This enchanted weapon is claimed to have belonged to the Irish sea god, Manannan mac Lir, who supposedly used it during the Tuatha de Danann invasion of Ireland. The mace is made from a dark blue-tinted iron and is quite large and heavy, making it is easy to infer that someone of great strength and stature used it (requires two hands and a Strength of at least +2 to wield). But the flanges at its head, a feature that was not built into maces until the 900s in the Middle East and that was not common in Europe until the 1100s, give away its more recent construction. The grip of the mace is wrapped in blackened leather, and from its pommel hang what appear to be yellow-green, glistening blades of fresh kelp, but are actually artfully cut and preserved leather strips.

The mace was commissioned by the giantess maga Ethnaid ex Diedne, who traveled often to Byzantium and Anatolia on hear searches for the magical remnants of the legendary Galatians. It was there that she came across the flanged design and that she had the mace crafted by a famous Byzantine metalsmith. She then brought the weapon to an unknown Verditius for enchanting the following magical effects, which she had devised:

Manannan’s Watery Embrace

CrAq 35

Requisite: Re

This effect creates a human-shaped, 10 m3 volume of water that rushes toward the intended target and smacks into it, doing no damage, but enveloping the target in a ~1 pace-thick shell. With no access to air, the target must make a deprivation check every 5 rounds (30 seconds) vs. an ease factor of 3 until the spell ends. The target may still move, but the Rego requisite ensures that the water moves with it.

(Base 4, +2 Voice, +1 Diameter, +1 Rego requisite, +10 for unlimited uses per day, +5 for 10 penetration)

Manannan’s Viscous Bile

CrAq 35

Requisite: Re

When the mace strikes a target, the wielder can choose to trigger this effect. It creates a viscous acid that spreads over the intended target, forming a 1 cm-thick encasing. The target takes +5 damage per round, 20 times before the spell ends.

(Base 5, +1 Touch, +1 Diameter, +1 Rego requisite, +10 for unlimited uses per day, +5 for 10 penetration)

Manannan’s Icy Grasp

ReAq 15

This effect changes a 10 m3 volume of water at range voice into solid ice. If cast on the shell of water created around a target by the Manannan’s Watery Embrace effect, the target is immobilized and loses a fatigue level each round for the duration of this effect, due to loss of body heat.

(Base 3, +2 Voice, +10 for unlimited uses per day)

The Company Assembles

More fiction detailing Diedne’s pre-Hermetic life. More of an exercise in dialog than anything else. Busy week here, so view this as a “work in progress”.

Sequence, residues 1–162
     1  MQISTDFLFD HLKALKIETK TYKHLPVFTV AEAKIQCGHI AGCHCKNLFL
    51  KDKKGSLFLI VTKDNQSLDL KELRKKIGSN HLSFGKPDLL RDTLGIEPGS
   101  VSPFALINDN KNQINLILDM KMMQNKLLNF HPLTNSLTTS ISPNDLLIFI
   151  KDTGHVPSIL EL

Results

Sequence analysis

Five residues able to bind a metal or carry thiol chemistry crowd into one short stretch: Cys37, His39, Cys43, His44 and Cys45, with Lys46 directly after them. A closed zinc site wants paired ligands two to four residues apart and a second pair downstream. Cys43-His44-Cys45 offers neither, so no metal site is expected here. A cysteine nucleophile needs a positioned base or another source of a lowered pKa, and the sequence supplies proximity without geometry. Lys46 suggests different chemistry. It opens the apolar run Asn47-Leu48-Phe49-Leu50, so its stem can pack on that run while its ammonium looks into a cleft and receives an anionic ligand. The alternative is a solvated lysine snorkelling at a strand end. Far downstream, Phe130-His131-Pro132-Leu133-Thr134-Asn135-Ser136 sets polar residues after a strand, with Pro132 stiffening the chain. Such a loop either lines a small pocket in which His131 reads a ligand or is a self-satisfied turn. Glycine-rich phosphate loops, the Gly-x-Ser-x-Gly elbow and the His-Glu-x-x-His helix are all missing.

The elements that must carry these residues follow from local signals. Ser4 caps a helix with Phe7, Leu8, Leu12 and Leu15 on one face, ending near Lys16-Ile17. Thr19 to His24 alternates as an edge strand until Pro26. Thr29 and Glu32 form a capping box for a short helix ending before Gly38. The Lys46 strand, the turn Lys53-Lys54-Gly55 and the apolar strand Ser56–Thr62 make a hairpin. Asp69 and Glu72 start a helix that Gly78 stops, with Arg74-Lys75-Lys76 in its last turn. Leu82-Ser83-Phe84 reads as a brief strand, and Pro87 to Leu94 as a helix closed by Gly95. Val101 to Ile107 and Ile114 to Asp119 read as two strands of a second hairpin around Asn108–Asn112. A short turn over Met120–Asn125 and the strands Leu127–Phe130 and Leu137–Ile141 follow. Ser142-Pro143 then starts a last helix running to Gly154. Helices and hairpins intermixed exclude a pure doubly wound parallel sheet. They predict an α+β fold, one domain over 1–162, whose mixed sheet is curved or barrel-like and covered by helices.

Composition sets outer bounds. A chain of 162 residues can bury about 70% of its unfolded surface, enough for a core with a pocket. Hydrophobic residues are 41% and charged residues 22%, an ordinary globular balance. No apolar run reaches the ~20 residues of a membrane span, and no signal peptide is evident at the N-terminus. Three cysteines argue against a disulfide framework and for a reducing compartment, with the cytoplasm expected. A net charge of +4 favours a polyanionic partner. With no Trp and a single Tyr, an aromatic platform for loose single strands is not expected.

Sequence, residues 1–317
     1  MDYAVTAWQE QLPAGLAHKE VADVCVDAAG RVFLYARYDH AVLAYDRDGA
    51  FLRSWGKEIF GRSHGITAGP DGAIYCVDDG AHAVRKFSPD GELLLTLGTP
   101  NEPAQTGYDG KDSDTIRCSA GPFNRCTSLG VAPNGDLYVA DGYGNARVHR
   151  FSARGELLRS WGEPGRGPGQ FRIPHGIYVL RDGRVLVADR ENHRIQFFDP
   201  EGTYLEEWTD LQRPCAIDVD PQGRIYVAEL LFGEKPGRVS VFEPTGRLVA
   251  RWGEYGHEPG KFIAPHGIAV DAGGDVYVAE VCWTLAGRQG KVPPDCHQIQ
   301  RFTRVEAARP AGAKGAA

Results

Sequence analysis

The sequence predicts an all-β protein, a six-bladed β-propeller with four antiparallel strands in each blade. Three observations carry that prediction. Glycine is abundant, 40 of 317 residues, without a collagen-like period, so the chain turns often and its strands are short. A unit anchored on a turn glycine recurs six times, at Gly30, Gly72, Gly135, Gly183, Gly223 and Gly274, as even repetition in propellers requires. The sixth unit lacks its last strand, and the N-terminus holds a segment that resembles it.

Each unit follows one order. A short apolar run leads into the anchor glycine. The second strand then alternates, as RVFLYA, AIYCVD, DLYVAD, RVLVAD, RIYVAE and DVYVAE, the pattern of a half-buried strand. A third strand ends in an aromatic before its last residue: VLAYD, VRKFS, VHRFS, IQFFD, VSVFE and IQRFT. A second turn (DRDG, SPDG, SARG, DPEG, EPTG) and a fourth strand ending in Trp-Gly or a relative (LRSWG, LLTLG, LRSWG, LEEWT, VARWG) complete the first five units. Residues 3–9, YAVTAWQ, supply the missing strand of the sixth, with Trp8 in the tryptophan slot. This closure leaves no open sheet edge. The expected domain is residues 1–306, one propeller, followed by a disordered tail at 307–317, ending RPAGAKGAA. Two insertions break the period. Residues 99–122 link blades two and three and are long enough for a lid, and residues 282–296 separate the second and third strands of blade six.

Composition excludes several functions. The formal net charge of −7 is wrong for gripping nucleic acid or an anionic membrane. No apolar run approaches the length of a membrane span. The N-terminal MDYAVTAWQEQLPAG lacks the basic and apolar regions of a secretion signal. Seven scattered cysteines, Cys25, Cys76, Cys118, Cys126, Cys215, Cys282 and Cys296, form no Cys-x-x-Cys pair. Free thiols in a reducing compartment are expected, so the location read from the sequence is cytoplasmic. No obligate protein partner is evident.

The spring rains had swollen the River Dee, turning its usual sluggish meanderings into a tumultuous charge of white-caps racing to the sea. As the morning mist crept back into rocky crevasses and steep-shouldered gorges, the Witch of Erechwydd quarreled with her magic boar.

“We should head north,” the witch said. “We have to go that way eventually, since Rerigonius Bay is on the Galloway’s north shore. We’ll find a place to cross upstream.”

“We won’t, Morfyð. We’ll find rockier banks and more rapid waters. We have to go south. We can cross at Kirkcudbright.”

“Kirkcudbright is on the coast. That takes us way out of our way. I’m already behind schedule.”

“Only because you spent most of the season mummifying the head of that druid you killed.”

“Don’t bring me into this,” spoke the head, embalmed in hardened mead and honey and hanging from Morfyð’s belt by its hair. “I was happily drinking mead with my ancestors in the afterlife until you summoned my ghost and affixed it to this corporeal shell.”

“Hush, Gwogan. Had you told me what I wanted to know when you were living you still would be. Besides, you are too curious for the afterlife and eventually would have found Donn’s underworld halls boring.”

Gwogan admitted she was right with a small sigh, but he had no opinion if the group should head north or south. Tusker remained adamant that they should head to Kirkcudbright.

“I don’t want to walk through a village to cross the Dee.”

“I wouldn’t either,” said Tusker, “walking with a huge boar, carrying that wicked spear, and having a human head tied to your belt. Might give the villagers the wrong idea.”

“Then you agree with me.”

“Not for a second.”